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November 03. 2012 11:22PM

All that band practice pays off


The Pinkerton Academy marching band performs at halftime of the Pinkerton-Central football game recently. (JAY REITER/Union Leader)

The blueprint for a successful high school band program involves a complex formula of practice and participation mixed with time and money, but participants say the benefits - both in and out of the classroom - are worth it.

"Absolutely, every school district and community should encourage, support and be proud of their school music program," said Andy Soucy, director of the Londonderry High School Marching Band and Color Guard. "It's an investment in the future."

Michele Boulanger, director of the Dover High School Green Wave Marching Band and Color Guard, has been a part of the program since she began running it 30 years ago.

"I think every student gets something important out of it," said Boulanger.

The Londonderry Lancers Marching Band and Color Guard is one of the largest bands in the state. Soucy reports the Lancers features 305 members, including 26 color guard participants. The 279 band members are divided and scheduled during the school day into four marching concert bands and one symphonic marching band.

Soucy credits middle schools in the community with helping to grow such a large program.

"It all begins long before high school," said Soucy. "Feeder is the first word that comes to mind. Each of the three elementary schools has its own band program, as well as a chorus and string orchestra. At the middle school, band is scheduled as a class during the day."

Studies show students who participate in band benefit academically.

The College Entrance Examination Board reports students involved in public school music programs score an average of 107 points higher on the SATs than students with no participation. A report from the U.S. Department of Education cites data from more than 25,000 secondary students showing that those involved in instrumental music programs during the middle and high school years show "significantly higher levels of mathematics proficiency by grade 12."

"In my 30 years at Dover, we have consistently been proud to claim the valedictorian, salutatorian and Top 10 students in a class year after year," said Boulanger. "Being in band is like being on a varsity team, but the difference is that a music performance has to be close to perfection or it won't sound good. A 90 percent or even 95 percent isn't good enough - students are taught to strive for 100 percent every performance."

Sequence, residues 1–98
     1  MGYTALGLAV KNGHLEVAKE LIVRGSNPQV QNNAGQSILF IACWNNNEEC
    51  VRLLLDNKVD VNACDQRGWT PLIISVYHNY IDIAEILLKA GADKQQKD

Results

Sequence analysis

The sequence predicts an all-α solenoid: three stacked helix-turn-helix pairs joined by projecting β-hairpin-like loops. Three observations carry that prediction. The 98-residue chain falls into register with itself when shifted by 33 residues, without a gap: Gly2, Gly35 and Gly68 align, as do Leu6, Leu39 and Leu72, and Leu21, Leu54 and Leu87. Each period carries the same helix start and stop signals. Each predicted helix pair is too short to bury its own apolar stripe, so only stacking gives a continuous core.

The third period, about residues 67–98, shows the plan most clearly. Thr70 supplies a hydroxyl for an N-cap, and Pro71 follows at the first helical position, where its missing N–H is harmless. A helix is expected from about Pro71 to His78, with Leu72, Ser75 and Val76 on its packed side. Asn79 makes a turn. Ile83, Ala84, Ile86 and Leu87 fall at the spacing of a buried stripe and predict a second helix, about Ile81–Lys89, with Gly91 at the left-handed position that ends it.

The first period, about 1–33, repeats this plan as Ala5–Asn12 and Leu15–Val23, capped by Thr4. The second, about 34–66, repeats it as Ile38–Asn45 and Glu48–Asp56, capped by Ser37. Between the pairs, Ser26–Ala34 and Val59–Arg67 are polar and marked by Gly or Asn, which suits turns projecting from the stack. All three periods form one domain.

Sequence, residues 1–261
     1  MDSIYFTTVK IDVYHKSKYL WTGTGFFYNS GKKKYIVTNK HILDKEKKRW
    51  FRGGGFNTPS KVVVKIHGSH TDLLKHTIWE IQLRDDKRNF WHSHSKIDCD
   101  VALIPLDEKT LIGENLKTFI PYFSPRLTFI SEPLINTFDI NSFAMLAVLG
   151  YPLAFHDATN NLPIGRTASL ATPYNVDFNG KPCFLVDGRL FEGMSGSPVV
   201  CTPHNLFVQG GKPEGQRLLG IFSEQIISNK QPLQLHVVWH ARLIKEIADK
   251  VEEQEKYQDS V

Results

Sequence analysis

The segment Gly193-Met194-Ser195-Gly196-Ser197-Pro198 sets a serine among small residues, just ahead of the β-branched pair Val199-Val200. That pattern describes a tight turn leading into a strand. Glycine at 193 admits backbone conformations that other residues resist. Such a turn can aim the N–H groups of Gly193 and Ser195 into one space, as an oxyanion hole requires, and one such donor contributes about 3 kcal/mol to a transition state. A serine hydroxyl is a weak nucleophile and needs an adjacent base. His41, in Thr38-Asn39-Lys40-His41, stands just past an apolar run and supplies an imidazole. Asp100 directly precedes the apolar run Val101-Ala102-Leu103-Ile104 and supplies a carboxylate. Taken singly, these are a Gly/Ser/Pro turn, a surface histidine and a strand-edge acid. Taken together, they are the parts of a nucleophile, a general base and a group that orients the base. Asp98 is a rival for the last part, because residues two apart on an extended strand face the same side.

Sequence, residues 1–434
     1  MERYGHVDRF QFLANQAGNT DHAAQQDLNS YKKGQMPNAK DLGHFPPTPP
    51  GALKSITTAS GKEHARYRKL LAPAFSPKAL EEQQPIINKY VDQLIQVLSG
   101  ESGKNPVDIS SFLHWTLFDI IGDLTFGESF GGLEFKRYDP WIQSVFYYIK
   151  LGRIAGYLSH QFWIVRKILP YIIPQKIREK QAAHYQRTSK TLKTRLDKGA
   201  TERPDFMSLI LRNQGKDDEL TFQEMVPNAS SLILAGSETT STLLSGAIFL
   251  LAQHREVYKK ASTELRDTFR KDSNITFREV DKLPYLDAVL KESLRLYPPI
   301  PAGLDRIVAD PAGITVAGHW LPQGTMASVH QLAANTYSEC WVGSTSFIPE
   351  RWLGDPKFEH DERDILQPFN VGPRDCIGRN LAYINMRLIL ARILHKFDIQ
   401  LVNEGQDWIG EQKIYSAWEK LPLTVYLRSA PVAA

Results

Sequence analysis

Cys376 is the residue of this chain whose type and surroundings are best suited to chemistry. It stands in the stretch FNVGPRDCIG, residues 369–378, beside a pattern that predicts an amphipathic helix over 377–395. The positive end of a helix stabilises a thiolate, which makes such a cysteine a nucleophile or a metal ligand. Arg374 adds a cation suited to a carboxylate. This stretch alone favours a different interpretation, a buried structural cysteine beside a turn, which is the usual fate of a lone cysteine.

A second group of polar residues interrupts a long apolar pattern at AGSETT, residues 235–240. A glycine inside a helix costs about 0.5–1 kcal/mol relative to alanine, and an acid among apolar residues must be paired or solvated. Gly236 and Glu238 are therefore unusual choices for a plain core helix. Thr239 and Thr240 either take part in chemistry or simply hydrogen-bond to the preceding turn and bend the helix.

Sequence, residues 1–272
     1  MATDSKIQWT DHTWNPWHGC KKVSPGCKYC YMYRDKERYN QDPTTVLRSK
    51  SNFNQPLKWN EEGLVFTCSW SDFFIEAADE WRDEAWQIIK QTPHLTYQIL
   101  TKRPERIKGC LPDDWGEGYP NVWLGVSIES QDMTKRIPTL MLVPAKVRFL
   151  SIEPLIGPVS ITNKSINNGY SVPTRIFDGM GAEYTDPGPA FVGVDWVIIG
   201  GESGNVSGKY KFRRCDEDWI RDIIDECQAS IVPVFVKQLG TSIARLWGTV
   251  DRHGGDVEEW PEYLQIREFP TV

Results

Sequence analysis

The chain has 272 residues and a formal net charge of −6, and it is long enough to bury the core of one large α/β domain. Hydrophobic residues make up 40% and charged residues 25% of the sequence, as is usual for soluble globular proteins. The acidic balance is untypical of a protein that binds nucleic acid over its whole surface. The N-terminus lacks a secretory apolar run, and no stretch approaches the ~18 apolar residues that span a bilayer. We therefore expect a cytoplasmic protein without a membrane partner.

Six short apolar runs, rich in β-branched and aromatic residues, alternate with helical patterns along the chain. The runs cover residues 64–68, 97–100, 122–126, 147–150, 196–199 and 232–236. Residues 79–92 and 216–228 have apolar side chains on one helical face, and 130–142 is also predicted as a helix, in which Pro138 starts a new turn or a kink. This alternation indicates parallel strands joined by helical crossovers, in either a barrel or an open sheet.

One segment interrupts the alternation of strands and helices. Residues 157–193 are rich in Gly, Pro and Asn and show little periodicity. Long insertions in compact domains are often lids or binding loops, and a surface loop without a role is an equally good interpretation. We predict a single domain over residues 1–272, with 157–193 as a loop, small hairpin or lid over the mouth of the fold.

Soucy said his students benefit from experiencing success outside the classroom.

Diane Francouer, Manchester West High School band director, reports the dropout rate among students who participate in her program is "near zero."

"The community itself gets a lot of the program," said Soucy. "A strong band program can grow a sense of civic pride."

Successful programs require a financial commitment, both from the district and families. Large programs employ several staff members. In Dover, in addition to the district-funded music director's position (salary listed at $2,460 in the 2012-2013 school budget), the band program uses a drill designer, two assistant drill instructors, a color guard instructor and two assistants, a percussion instructor and one assistant, and an assistant music instructor.

Kathy Chalue of the Dover Parents Music Club reports her group raises roughly $30,000 a year to support the Green Wave program.

"I'd say 80 percent of our funding comes from our parents organization fundraising," said Boulanger. "The school budget only gives us a limited amount of supply money covering music for all groups in the department, transportation funds, and dues and fees. The boosters cover equipment, repairs, some transportation, staff salaries for fall and winter seasons, as well as scholarships, an awards banquet - basically anything else that comes up throughout the year."

"Money is a very important factor as instruments, uniforms, equipment and transportation are costly," said Soucy. "The purchase of sheet music and supplies alone is significant."

Not every district can support a band program. Faced with declining interest, the Hinsdale School District eliminated the band program prior to the start of the 2009-2010 school year. The district entered into an agreement with Brattleboro High School in Vermont, allowing interested Hinsdale students to receive credit for participating in Brattleboro's music program course offerings, including band and choral programs, music theory electives and music festival ensembles.

For other communities, student population is an issue.

"You are talking to the daughter of a music teacher, so I know the importance of these programs," said Heather Zybas, principal of Pittsburg School. "I have 100 kids total, in grades K-12. It's not a matter of a lack of interest; it's a matter of logistics. We don't have enough kids to field a soccer team."

Boulanger feels the lessons students take from participating in band is worth the cost, in both time and money.

"Band students often describe their experience as like being in a family, where everybody looks out for each other," said Boulanger. "I have so many old friends from high school and college band who still communicate, as well as former students, who want to stay in touch. Not too many algebra teachers can claim that."

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Paul Feely may be reached at pfeely@unionleader.com.




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